Lowell Brown 2013-05-30 12:02:02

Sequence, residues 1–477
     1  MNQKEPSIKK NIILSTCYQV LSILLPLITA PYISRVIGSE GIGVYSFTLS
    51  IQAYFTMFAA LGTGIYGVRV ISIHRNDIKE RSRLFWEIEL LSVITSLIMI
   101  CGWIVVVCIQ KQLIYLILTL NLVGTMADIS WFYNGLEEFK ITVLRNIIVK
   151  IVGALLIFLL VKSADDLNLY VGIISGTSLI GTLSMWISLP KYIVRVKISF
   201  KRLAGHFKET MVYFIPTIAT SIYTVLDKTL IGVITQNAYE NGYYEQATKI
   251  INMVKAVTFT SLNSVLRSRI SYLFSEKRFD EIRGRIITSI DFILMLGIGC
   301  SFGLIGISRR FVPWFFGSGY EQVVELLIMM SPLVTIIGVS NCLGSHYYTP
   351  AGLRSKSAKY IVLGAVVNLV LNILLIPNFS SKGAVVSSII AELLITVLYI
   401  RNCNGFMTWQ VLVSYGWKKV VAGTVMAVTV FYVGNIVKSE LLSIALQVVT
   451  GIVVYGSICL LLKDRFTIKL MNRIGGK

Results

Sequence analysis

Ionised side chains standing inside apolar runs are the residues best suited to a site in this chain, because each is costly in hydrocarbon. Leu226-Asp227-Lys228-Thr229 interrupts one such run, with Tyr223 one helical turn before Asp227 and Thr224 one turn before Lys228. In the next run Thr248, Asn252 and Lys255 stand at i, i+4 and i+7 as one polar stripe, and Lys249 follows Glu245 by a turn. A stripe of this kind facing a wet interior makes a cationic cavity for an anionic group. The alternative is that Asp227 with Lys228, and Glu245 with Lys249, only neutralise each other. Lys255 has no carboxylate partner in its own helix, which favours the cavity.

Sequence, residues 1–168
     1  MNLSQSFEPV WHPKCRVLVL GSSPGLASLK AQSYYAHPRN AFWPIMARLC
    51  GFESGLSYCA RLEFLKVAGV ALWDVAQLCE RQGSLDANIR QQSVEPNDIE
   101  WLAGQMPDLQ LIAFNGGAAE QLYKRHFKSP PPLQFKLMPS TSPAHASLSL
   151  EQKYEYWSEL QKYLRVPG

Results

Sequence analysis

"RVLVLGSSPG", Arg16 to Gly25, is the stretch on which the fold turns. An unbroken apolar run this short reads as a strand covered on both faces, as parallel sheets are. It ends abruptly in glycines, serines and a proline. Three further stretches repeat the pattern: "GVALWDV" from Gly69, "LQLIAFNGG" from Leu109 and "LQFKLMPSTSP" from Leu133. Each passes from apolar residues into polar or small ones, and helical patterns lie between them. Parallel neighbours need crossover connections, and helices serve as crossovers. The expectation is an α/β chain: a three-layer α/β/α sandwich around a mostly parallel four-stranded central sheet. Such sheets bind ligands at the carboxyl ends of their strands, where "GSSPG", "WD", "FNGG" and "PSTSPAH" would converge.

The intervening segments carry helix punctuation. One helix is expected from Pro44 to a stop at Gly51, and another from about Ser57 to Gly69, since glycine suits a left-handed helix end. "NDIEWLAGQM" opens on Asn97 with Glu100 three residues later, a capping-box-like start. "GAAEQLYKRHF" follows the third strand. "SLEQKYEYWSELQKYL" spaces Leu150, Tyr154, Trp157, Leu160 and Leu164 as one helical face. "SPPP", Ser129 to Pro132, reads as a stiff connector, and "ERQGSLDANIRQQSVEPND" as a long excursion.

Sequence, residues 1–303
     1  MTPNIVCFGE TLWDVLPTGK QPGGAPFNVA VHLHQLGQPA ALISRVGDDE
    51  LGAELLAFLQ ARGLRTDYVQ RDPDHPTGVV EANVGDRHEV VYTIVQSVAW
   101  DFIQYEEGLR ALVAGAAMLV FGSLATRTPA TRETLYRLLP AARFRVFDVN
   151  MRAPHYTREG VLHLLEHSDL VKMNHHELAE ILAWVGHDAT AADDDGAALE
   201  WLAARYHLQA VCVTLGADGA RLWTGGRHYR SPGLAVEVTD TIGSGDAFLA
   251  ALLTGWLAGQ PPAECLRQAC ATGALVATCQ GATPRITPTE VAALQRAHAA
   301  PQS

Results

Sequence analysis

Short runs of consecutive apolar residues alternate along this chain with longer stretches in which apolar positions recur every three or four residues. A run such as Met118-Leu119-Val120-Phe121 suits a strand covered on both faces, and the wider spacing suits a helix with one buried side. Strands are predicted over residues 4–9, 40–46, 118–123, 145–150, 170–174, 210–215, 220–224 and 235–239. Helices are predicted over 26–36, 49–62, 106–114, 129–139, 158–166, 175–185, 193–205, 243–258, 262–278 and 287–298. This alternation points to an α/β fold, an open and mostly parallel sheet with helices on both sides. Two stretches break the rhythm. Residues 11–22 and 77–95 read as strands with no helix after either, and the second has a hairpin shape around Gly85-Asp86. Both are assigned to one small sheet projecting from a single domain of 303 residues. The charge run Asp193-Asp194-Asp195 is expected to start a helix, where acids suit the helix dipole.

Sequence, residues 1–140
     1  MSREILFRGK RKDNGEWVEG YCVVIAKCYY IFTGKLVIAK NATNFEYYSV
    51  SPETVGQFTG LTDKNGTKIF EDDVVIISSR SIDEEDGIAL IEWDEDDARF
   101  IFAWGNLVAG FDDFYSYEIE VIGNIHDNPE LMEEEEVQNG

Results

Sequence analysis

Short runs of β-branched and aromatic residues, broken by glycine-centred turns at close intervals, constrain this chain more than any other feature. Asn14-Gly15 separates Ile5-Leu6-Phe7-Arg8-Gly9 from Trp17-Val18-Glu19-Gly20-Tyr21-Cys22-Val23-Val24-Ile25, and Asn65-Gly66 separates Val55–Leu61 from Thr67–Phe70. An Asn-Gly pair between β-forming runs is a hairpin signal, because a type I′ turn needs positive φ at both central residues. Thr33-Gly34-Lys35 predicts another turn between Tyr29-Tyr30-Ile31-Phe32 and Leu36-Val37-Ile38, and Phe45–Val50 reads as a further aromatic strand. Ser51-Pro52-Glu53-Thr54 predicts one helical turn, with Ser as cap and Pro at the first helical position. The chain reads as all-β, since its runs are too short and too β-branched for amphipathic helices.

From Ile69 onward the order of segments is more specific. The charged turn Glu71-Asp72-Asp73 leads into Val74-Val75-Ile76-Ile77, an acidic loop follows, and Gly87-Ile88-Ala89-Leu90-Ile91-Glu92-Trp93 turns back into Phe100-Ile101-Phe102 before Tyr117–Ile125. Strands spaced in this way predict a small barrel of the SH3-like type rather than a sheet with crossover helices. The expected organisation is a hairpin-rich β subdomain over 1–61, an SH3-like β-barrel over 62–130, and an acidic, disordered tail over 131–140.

Students from across the state celebrate Law Day. One image showed black and white children drinking from the same water fountain. Another, a sturdy tree trunk etched with the words, “Our roots unite for equality for a better world.” Images depicting different visions of equality filled the room May 1, 2013, as the State Bar of Texas and the Texas Young Lawyers Association celebrated Law Day, a day set aside each year to honor the rule of law. The celebration at the Texas Law Center included a display of winning entries in the bar’s statewide Law Day contest, which challenged school students to produce editorials, photographs, and posters reflecting this year’s theme, “Realizing the Dream: Equality for All,” a nod to the fact that 2013 is the 150th anniversary of the Emancipation Proclamation and the 50th anniversary of the Rev. Martin Luther King Jr.’s “I Have a Dream” speech on racial equality and social justice. “I saw the topic about equality and I thought, ‘That’s a really good topic for me,’” said Thomas Boyle, 17, who placed first in the editorial contest. “Because that’s what I strive to do, try and make the playing field even for everybody.” Boyle, a senior at Sharyland High School in Mission, read his winning editorial to a crowd that included other contest winners and their families, 2012-2013 State Bar President Buck Files, and TYLA Director Dustin Howell. The editorial, submitted by the Hidalgo County Bar Association, focused on people whose work advanced human rights, including King, Rosa Parks, and Elizabeth Cady Stanton. Boyle said researching and writing the editorial taught him that the cliché “one person can make a difference” is actually true sometimes. “Before, I didn’t think so as much,” he noted. “But now I know that if you have the drive, you can change the world in some way or fashion.” Abbegael Smith, 13, placed first in the photography contest with Hands Across America, which depicts children’s hands spread across a U.S. map. She entered the contest partly because she loves the law and is thinking about becoming an attorney, she said. A seventh grader at James L. Collins Catholic School in Corsicana, Smith captured the image by asking classmates to pose with their hands on a map. “There’s a lot of different colors of their hands, and I put them across the United States to show equality,” she explained. “And it didn’t matter what color or what gender or anything, because at the end of the day, we’re all people.” The winning editorial appears here along with several of the winning photographs and posters. To see more artwork and to watch Boyle read his editorial, go to texasbar.com/lawday. “I have one voice. I will use it to…” EDITORIAL BY THOMAS BOYLE “We the people” are the words that begin the Preamble to the U.S. Constitution which shows where the power of government comes from. Abraham Lincoln continued that theme in the Gettysburg Address by stating “that government of the people, by the people, for the people, shall not perish from the earth.” Government should ensure that all Americans are given fairness and equality under the law. Although in our young history there have been setbacks to freedom for all, it is individuals with courage who have stood up and fought hard to preserve the theme of Lincoln and why one voice can be a powerful force if used appropriately. Martin Luther King said, “I have a dream that my four children will one day live in a nation where they will not be judged by the color of their skin but by the content of their character.” One day I will have children of my own and want their country to be a place where they will be given no special treatment but rather fairness and equality. This can be achieved with laws that make sense and educating the public on good values and a strong moral code. I often wonder if one person can have an impact on the direction our country will take regarding equality. Then, I am reminded of past leaders like Elizabeth Cady Stanton, Frederick Douglass, and Rosa Parks. Stanton worked hard in organizing the Seneca Falls Convention where she advocated for the right to vote for women. Douglass, a former slave, started a newspaper called the North Star where he talked about freedom for slaves. He was invited to the White House and gave a speech on slavery and advised President Lincoln to use Negro soldiers for the North in the Civil War. Parks refused to give up her seat on a bus to a white person. After her arrest she fought the courts to end segregation on buses and won. Stanton, Douglass, and Parks all prove that one person can in fact make a difference. Throughout my public education, I have witnessed inequality in our school system. Currently, some children have opportunities to enroll in preschool programs while others cannot. I understand the theory behind this but that doesn’t make it fair. Secondly, students who fail are given extra instructional opportunities at the expense of the public while those who passed seeking to advance have to pay. I plan to meet with my legislators explaining why there should be fairness and equity for all. Dr. King believed that character mattered. Character is not bound by color, gender, or where you were born. There are many issues facing our country where inequality is visible. They can’t be tackled at the same time or by any one person, but if each person would take on just one issue, then together as a society we can realize the dream of equality for all.
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